a dangerous method

A Dangerous Method: Don’t be aFreud, Jung lady, there’s method in the madness

At first glance, David Cronenberg’s A Dangerous Method seems a rather stark departure from the so-called Baron of Blood’s normal fare – a restrained period piece set in turn of the 20th century Middle Europe, the film offers an intriguing dramatisation of the early days of psychoanalysis.  Based on Christopher Hampton’s play The Talking Cure (itself adapted from the non-fiction book A Most Dangerous Method by John Kerr), it centers upon a pair of turbulent and interlinked relationships; one the doomed friendship between Carl Jung (Michael Fassbender) and his mentor, Sigmund Freud (Viggo Mortensen), the other a torrid affair between Jung and his patient-turned-lover, Sabina Spielrein (Keira Knightly), who became one of the first female psychoanalysts.  Unsurprisingly though, Cronenberg remains true to form in his unyielding dedication to psychological undertones and inner turmoil, and manages to elevate the historical drama into a captivating and intelligent character study.

The acting – thrust into naked exposure here – is uniformly superb.  Interestingly enough, perhaps the most primal performance is Knightly’s turn as the beguiling and complex Spielrein.  Cleverly choosing not to overplay what might have easily descended into caricature, she brings both raw vulnerability and keen intellect to the role in a way that allows her to chart the character’s maturation from a wild-eyed hysteric to a budding physician and analyst in her own right.  And while Knightly conveys Spielrein’s mental anguish more than convincingly through verbal tics and disturbing facial contortions, she never allows this to detract from a multifaceted and dynamic portrayal.  Mortensen is also in fine form as the legendary father of psychoanalysis.  Soft-spoken but inexorably persuasive, he paints Freud as a man of peculiar contradictions – an iconoclastic maverick grown stubborn and jaded with age, and one whose dogmatic fixation on the sex drive as the sole explanator for human behaviour leads him into conflict with the more open-minded and mystically-oriented Jung.  It is Fassbender though, who, delivering an understated and pitch-perfect performance, ultimately grounds the proceedings, serving as the fulcrum on which the film’s dual plotlines balance and converge.  Earnest and idealistic, his Jung undergoes a transformative arc of his own as he learns the power of the id firsthand through his mutually eye-opening extramarital relations with Spielrein, and his increasingly bitter ideological feud with Freud.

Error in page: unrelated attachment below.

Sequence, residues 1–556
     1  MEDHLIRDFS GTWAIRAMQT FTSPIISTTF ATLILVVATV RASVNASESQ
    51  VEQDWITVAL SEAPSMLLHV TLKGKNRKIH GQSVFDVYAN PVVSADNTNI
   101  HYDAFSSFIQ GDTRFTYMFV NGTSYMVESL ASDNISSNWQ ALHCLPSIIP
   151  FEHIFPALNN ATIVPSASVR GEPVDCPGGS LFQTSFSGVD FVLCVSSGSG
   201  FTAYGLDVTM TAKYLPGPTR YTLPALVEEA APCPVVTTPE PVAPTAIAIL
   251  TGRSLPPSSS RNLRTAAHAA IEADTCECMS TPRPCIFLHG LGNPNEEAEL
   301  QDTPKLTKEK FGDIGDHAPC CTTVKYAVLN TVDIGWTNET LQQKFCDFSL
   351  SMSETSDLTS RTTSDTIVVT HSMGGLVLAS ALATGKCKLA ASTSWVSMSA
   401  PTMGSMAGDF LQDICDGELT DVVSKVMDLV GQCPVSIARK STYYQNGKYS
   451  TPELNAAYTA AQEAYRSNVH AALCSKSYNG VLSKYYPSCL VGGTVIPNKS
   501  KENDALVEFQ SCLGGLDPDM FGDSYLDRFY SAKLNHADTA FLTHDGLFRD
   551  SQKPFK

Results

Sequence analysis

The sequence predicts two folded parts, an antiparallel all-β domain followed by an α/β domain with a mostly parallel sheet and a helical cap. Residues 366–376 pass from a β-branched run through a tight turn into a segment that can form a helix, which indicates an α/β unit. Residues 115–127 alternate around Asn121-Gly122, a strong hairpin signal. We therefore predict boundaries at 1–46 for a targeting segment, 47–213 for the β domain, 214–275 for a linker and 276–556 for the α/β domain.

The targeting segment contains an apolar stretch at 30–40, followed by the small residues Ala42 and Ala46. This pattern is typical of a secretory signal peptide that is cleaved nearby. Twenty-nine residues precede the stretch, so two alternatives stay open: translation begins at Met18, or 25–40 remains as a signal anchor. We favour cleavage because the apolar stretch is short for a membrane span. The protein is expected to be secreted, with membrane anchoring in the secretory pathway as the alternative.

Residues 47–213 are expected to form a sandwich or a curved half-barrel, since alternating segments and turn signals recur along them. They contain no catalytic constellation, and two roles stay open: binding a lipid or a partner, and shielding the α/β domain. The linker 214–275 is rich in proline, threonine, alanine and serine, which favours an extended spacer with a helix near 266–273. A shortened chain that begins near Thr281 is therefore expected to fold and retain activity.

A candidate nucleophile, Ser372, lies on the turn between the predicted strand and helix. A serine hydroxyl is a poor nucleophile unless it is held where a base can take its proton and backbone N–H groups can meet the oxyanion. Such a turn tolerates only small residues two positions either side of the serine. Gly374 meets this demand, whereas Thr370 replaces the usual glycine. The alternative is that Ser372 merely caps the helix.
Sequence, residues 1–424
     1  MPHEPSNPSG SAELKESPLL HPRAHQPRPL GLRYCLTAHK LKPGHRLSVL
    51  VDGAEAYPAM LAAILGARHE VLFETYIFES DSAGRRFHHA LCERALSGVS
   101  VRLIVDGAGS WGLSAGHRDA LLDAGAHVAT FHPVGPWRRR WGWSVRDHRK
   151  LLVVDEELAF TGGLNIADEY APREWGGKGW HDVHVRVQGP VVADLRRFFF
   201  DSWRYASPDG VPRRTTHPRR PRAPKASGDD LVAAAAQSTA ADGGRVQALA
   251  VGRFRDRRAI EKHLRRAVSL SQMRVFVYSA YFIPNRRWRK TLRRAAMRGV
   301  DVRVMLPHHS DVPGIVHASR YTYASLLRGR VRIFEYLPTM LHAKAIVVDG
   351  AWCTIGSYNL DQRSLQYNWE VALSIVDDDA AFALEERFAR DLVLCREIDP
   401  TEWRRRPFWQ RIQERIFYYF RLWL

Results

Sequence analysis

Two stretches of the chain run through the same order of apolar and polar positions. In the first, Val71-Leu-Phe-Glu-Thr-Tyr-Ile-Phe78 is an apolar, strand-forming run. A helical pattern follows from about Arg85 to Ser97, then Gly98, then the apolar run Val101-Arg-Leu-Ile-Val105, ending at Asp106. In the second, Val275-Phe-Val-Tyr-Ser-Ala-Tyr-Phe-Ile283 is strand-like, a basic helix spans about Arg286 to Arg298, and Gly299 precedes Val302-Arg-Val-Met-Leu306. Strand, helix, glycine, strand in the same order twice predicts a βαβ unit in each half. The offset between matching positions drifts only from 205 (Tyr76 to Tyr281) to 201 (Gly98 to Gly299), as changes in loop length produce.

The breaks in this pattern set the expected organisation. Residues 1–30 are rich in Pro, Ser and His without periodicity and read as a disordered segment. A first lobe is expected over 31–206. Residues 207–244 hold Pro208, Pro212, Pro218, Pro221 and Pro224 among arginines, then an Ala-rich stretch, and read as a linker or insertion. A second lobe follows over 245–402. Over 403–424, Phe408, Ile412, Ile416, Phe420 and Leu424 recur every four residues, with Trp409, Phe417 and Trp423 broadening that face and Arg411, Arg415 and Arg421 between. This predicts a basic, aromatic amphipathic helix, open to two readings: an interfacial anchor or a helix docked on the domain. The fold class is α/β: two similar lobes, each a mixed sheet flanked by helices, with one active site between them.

It’s a slow-paced, dialogue-heavy piece, to be sure.  The narrative clicks forward methodically, and one never gets the sense that Cronenberg has anywhere to be in a hurry; rather than setting up some grand end goal, dramatic payoff or thrilling climax, he simply seems interested in meticulous characterisation and emotional beats.  This certainly gives the film a rather leisurely vibe, but happily the danger of tedium is for the most part averted due to the stellar performances and carefully honed script.  Moreover, the laid-back tempo gives the film a chance to really breathe, allowing Cronenberg to play with and subtly weave psychoanalytical theory into the story even as he explores the idea of the talking cure itself and its implications for human relationships.

Ironically, the only real letdown amidst the libido-fuelled drama is the piece’s own restraint, which feels almost obligatorily enforced on Cronenberg’s part due to genre conventions.  While it’s hardly a universal or overly debilitating flaw, one can’t help but feel that certain moments would have more emotional heft if the film only loosened up a bit.  Nonetheless, the brilliant acting on display ensures that each and every emotion at least impacts us, even if it doesn’t always penetrate quite as viscerally as it could have done.